6. Help Them Understand Why It’s Happening

Being bullied feels like a personal attack — and for the most part, it is. But at the same time, your kid should know that bullies often act out of their own fear and insecurity. “Kids think they did something wrong or there is something wrong with their specific mask, when in reality bullies tend to pick on things they are either jealous of or are foreign to them,” family therapist Deedee Cummings, M.Ed., LPCC, tells Romper in an email. So educate your child about why we wear masks, and help them try to understand what makes a bully act out.

7. Show Them How To Stand Up For Themselves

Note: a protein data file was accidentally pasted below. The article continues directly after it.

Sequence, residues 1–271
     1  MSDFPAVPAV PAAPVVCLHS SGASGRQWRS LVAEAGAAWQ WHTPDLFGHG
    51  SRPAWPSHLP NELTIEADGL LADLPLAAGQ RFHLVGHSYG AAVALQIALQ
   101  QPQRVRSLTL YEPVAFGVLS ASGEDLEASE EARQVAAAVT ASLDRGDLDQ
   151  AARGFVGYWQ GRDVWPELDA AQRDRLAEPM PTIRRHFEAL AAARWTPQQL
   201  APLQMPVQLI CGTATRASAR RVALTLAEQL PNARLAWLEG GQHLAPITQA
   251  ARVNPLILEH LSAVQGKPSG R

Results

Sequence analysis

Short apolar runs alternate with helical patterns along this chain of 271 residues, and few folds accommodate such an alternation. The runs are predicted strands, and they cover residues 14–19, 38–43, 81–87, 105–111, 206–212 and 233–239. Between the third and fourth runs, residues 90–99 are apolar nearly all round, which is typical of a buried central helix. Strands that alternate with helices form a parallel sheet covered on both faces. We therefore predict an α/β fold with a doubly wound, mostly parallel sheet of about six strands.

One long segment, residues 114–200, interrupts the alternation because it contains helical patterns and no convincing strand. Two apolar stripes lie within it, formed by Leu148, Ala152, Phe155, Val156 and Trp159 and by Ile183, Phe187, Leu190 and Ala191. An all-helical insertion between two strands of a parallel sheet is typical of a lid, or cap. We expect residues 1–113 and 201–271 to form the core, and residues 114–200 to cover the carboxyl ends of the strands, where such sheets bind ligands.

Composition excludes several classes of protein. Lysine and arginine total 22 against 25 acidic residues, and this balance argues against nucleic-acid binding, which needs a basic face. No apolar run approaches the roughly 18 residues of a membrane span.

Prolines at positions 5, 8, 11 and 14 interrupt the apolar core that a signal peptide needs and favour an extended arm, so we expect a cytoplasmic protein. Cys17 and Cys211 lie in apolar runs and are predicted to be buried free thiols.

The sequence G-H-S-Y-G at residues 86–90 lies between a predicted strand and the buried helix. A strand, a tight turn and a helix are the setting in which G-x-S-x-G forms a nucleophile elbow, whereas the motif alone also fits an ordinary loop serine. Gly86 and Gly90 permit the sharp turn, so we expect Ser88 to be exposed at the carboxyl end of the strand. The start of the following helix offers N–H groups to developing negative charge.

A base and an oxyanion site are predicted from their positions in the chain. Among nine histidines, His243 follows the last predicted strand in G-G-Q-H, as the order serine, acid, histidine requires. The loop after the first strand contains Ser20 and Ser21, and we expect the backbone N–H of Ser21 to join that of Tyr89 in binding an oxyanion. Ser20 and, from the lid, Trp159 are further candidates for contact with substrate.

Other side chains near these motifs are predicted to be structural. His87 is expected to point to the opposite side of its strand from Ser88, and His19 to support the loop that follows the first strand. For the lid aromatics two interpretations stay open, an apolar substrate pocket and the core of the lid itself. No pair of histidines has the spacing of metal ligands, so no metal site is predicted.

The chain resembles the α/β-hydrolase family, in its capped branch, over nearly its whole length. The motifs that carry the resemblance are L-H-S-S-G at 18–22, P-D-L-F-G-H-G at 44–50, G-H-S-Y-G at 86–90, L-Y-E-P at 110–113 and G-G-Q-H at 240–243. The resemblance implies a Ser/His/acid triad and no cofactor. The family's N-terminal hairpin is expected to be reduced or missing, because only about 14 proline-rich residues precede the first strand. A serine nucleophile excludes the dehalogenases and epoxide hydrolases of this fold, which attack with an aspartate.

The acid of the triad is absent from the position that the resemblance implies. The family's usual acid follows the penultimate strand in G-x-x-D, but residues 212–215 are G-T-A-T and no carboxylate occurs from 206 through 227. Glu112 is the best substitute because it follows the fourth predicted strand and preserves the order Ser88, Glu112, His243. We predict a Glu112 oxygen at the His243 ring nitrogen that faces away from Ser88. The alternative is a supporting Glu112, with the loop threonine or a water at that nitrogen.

Masking up is the right thing to do, and your kid should know that it's okay to defend their right to wear one.

"Your child needs to know that it's perfectly fine to stand up for themselves," says Cummings. "They can say something like, 'I am not bothering you, so why do you care?' Sometimes this will throw a bully off their game because they got a reaction they did not expect to get." By challenging the bully, it will make your child look (and feel) stronger... and hopefully stop the bullying.

8. Model Mask-Wearing

It's hard for kids to feel confident wearing a mask if they don't see their parents doing the same. So always wear your mask when it's appropriate, and be cognizant of what you say about having to put it on; for example, if you complain about wearing one, your child might feel ambiguous about wearing their mask. You can even point out some of their fave celebs wearing masks to show them how everyone is doing their part to stop the spread of COVID-19.

Experts:

Dr. Carole Lieberman, M.D., a psychiatrist

Deedee Cummings, M.Ed., LPCC, JD, a lawyer and family therapist